Why Not? In Pursuit of the Picture

The question of “why” interests me less and less these days. “Why’s that?” inquisitive/cheeky readers might ask, and to be honest, I don’t know and I’m not terribly interested in knowing.

In his essay “Topic of Cancer,” which would become part of his book Mortality, Christopher Hitchens observes that just before finding out he had terminal cancer, he earned “million-miler” status with United Airlines and consequently “a lifetime of free upgrades.” While many people would deem that ironic, he doesn’t “see any ironies here”:

Would it be less poignant to get cancer on the day that . . . I was bounced from a coach-class flight and left on the tarmac? To the dumb question “Why me?” the cosmos barely bothers to return the reply: Why not?

Irony, in the way he’s using it, would imply a grand scheme, an existential system wherein he somehow merited esophageal cancer. But he’s not going to go there. He understands that life isn’t that cruel. He didn’t earn cancer like he earned his million-miler upgrades. Lots of people get cancer–why not him?


Ross asks an age-old question.

The query of “why” is often posed in writing workshops: Why does character X do Y? Why is the narrator telling this story? The workshop conversation can begin to resemble a police procedural in which the question of motive appears again and again, which on the surface may seem to be in service to the craft, but–I suspect–has just as much to do with writers’ hopes that a story or essay with clear logic will render life more comprehensible.

(At the risk of alienating all writers, I hazard the claim that prose writers are more concerned with “why” than are poets. At the risk of alienating primarily prose writers, I hazard that this is because poets are smarter. And, yes, this latter declaration risks alienating integrity-obsessed readers who recall my earlier assertion about being little interested in “why.”)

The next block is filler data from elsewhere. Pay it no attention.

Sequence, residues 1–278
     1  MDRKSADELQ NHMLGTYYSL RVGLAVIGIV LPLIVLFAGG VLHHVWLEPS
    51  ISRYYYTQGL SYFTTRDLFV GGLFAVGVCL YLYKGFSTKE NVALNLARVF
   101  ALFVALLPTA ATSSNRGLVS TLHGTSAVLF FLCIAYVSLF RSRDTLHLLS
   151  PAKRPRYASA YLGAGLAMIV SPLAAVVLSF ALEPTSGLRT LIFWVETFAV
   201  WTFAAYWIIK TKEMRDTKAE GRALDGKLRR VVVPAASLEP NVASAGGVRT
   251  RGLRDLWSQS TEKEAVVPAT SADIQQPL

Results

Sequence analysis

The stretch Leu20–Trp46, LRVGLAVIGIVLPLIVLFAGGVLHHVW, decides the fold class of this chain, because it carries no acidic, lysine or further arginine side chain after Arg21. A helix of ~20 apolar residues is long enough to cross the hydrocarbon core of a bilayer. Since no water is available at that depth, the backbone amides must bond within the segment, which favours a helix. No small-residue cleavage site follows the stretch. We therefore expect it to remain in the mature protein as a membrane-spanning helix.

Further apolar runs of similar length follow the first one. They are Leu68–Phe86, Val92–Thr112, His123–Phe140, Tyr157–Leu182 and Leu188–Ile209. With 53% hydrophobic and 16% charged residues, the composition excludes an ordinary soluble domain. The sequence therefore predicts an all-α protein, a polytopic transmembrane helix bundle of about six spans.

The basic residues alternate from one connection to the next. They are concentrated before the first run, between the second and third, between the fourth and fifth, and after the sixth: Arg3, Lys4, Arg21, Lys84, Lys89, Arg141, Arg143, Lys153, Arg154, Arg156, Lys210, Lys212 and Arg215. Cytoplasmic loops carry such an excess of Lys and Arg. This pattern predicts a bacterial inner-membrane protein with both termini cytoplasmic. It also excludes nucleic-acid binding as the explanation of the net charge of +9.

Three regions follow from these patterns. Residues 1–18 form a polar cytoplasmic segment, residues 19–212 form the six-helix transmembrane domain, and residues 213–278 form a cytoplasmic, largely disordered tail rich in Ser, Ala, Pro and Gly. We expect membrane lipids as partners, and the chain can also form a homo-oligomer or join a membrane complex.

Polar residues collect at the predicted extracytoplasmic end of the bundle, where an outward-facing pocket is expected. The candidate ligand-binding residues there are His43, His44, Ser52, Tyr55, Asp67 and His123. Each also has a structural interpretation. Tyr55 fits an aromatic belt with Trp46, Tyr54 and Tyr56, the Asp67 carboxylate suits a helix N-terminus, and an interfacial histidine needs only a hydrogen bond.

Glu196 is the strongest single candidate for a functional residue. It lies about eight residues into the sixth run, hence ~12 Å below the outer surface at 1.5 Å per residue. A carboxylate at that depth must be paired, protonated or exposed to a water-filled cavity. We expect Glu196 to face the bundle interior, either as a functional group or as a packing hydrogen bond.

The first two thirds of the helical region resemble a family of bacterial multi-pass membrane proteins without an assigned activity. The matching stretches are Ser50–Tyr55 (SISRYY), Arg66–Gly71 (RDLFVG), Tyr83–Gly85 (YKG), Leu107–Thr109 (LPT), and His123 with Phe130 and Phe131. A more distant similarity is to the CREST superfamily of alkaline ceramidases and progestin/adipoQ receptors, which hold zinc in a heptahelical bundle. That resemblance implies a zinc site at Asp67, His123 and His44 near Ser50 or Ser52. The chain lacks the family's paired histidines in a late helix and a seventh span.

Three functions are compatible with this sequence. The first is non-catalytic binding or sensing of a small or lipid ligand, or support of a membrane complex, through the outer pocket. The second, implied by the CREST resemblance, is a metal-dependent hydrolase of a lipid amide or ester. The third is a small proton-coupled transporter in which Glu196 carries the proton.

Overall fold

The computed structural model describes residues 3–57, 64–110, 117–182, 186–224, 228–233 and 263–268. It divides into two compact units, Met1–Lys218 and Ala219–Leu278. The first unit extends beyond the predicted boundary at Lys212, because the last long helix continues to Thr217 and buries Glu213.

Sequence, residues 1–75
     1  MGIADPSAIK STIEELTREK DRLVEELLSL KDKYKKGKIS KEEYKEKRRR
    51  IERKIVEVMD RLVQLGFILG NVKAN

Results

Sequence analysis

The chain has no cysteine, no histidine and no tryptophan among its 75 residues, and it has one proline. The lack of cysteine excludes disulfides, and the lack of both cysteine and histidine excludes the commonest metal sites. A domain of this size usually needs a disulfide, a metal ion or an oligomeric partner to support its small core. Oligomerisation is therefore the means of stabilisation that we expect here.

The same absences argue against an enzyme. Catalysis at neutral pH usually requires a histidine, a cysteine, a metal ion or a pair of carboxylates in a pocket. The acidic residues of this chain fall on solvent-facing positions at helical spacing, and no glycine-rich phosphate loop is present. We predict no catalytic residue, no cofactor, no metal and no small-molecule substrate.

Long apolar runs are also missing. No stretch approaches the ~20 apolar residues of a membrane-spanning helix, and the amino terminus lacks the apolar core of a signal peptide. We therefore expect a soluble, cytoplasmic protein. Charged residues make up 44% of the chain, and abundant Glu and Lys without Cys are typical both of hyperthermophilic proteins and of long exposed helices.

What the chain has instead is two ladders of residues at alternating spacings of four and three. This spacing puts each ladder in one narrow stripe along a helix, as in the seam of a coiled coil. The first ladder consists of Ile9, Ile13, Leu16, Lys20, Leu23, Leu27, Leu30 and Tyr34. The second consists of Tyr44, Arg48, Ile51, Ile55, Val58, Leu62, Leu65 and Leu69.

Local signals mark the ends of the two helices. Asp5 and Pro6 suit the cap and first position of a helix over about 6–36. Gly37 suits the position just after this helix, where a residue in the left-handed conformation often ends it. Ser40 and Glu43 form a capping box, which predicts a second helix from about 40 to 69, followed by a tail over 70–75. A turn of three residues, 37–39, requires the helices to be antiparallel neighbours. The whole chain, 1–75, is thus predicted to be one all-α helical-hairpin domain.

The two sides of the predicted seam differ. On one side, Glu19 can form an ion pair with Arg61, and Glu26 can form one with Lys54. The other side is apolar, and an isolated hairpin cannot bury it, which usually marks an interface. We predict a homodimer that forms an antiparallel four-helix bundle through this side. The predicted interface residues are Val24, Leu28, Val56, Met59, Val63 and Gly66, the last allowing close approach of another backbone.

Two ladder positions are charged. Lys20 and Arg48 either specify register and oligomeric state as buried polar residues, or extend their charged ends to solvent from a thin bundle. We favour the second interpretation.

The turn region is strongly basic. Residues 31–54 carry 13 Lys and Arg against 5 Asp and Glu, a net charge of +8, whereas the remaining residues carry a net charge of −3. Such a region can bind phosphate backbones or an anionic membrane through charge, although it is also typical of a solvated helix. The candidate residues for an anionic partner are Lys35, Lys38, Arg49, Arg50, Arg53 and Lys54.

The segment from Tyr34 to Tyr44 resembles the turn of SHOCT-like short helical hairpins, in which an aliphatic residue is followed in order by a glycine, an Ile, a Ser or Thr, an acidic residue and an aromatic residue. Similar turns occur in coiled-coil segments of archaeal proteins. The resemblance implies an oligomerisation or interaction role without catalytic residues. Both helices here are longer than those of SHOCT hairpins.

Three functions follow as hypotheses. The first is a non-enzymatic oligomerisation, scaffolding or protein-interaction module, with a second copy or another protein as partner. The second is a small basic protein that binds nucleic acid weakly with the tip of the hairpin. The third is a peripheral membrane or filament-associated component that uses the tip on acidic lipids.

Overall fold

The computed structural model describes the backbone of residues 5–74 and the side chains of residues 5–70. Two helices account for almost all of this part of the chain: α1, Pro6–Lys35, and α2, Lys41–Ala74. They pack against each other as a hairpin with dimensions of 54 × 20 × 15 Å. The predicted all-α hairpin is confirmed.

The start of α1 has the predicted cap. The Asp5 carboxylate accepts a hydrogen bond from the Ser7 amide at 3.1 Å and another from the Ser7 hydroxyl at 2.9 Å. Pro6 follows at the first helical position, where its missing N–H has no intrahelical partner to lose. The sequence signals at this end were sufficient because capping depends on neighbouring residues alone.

Among the one-liners rattling about my brain is this: “What I have been after all along is not an explanation but a picture.” From Annie Dillard’s classic Pilgrim at Tinker Creek, this sentence shook me when I first read it and has multiple times since. It embodies her wisdom: The writer’s task is to see–not to rationalize or elucidate, but to see. In another chapter of Pilgrim, she says, “What I call innocence is the spirit’s unself-conscious state at any moment of pure devotion to any object. It is at once a receptiveness and total concentration.” While seeing is often equated to maturity and cynicism, to Dillard it is innocence. It is beauty. It is devotion, attention, prayer.

I have a habit of turning to Dillard–as is evidenced by a previous post–because she can see like few writers I’ve read. And seeing is itself so demanding I don’t think I can do much more, as a reader or writer. I can’t answer the “whys” or even muster the energy to ask them. As fascinating as psychology and philosophy are, they can get in the way of living–and in the way of a good writing session.

My watery writing directive is this: Don’t allow the “why” to stall you. Don’t let it delay the shaping of a scene, the description of a character, the momentum of exposition. Focus on the scene, the character, the idea, without stumbling over sense. If some well-meaning reader of your draft asks “Why Z?” reply “Why not Z?” If the reader then muses, “But everything happens for a reason,” pick up your laptop and move to another room. Or, if using a desktop, pick up the reader and move them to another room.

To look past the thing to the question of motive or impetus is to reject the writer’s most essential function and to take upon oneself a burden that, especially in early drafting stages, the literary writer has no need to bear. Focus first. Focus with such ferocity you become innocent. The universe is neither kind nor cruel. It doesn’t coddle or condemn. To face what we are and where we are is itself the struggle.

When to Write What Consumes Us (And Why Josh Chan Should Keep Singing)

I was a teenager when I learned that writing “in the heat of the moment” ends badly. For example, if in the middle of a lousy afternoon, I wrote a poem about my lousy afternoon, the poem turned out lousier than the afternoon. As another example, in an episode of the musical comedy Crazy Ex-Girlfriend the character Josh Chan becomes so jealous of his two friends’ romance that, at his dojo, he bursts into impassioned song: